The Art of War: By Sun Tzu
Well we can’t say that we have looked at books on entrepreneurship and business strategy without looking at Sun Tzu’s The Art of War. Written roughly in 5BC, this 2000 year old literature is still one of the top recommendations for managers to read when discussing strategy. So here at ABLE we decided to delve into the question “Why?”. What makes this book still relevant? Well let’s get to it:
The Art of War is a must read. Let’s start at that. The lessons that can be learned from this book are essential in business life. The warfare is different. Our battlefields may not be hillsides or swamps, but the lessons of reconnaissance, planning and forward thinking are business essentials that apply in any industry. This is a book on philosophy, on ethics, leadership, management and strategy. It’s a collection of different lessons encompassing a life of learning in war. Even though the context isn’t the same it is strikingly similar to a dynamic life in business. If you’re a manager, you’re in charge of leading a team. You may not be a general in charge of the whole army or division, but you are in charge of people, and this book will help you lead them in a much better way if you take away and apply all the lessons within. In a single sentence, that is the answer to the question “Why is this book still so recommended to all managers?” It’s all about People Management!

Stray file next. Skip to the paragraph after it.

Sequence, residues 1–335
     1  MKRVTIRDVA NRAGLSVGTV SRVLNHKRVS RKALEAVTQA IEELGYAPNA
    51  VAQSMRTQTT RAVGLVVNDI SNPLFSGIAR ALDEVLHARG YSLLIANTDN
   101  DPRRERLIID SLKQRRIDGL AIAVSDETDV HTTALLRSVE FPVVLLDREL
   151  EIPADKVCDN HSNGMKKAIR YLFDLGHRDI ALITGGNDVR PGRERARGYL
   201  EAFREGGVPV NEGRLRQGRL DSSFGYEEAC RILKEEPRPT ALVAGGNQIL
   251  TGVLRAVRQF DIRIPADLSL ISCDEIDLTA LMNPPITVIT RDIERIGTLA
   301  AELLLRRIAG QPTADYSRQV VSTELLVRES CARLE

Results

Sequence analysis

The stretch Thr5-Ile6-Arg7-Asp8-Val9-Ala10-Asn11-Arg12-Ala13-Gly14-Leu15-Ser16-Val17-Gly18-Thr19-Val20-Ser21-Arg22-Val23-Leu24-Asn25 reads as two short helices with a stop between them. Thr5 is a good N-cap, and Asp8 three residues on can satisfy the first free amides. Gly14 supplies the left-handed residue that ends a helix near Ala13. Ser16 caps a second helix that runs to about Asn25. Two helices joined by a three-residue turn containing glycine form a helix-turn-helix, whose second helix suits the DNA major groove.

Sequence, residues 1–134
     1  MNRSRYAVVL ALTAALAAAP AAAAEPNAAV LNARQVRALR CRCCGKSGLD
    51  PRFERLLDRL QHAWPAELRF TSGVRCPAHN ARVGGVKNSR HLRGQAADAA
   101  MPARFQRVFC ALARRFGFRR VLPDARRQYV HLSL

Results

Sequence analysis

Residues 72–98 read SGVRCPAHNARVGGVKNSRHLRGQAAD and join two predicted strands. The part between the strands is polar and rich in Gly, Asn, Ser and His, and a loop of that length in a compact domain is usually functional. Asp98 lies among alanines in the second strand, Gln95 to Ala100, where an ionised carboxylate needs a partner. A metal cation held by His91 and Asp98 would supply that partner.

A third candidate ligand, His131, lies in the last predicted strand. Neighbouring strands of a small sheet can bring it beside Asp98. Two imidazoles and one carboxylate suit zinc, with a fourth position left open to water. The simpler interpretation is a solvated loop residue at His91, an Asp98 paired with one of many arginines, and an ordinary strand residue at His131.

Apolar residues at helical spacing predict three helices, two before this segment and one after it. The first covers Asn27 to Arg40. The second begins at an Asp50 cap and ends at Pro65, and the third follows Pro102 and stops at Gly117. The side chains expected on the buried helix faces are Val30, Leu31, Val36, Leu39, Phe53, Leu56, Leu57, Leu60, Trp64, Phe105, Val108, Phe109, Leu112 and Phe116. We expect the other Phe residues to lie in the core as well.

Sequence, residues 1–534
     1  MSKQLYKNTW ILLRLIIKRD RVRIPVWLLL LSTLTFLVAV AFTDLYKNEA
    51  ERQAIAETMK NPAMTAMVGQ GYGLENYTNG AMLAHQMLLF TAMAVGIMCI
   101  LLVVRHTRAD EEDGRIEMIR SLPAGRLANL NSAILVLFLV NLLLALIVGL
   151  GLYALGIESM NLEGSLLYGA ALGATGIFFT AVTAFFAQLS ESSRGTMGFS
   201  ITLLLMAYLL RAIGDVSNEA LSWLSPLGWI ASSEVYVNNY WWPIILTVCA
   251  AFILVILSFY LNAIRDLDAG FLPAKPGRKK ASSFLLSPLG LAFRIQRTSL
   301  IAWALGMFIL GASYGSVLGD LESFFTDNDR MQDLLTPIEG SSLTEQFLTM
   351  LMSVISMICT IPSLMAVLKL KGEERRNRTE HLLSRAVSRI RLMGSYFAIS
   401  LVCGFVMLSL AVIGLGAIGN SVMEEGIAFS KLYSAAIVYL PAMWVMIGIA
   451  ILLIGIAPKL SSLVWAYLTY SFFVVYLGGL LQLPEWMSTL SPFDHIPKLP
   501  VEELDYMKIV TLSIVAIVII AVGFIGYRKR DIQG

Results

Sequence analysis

Overall, this book is bite-sized. All the lessons one can learn from it have been analyzed a thousand times and they can be fit into one-liners and placed on post-it notes all around your office. Lessons such as hiring the best of the best, training them and trusting in them to lead your army or organization to victory are applicable no matter the context. The lessons can easily be found online. But I recommend first having a read of it and try and see how many you can spot. Then go ahead and find the rest. It’s not to show you how much you know or don’t know. It’ll just be a better way to stay focused when reading this book in one sitting.
Sun Tzu shows us how similar life is now to back then, even with all the technology in our hands. Human beings seem to have similar drives that don’t really change. We want safety, we want a roof over our heads, we don’t want to fight or work in the evenings because we’re tired and want to sleep. There is a lot to unpack within. As usual, I’ll look to keep a post of this book on one of our social media accounts (if you want to find it, click the buttons below that will take you there!) and let us know in the comments your thoughts about it!
Written by Lenard Adanov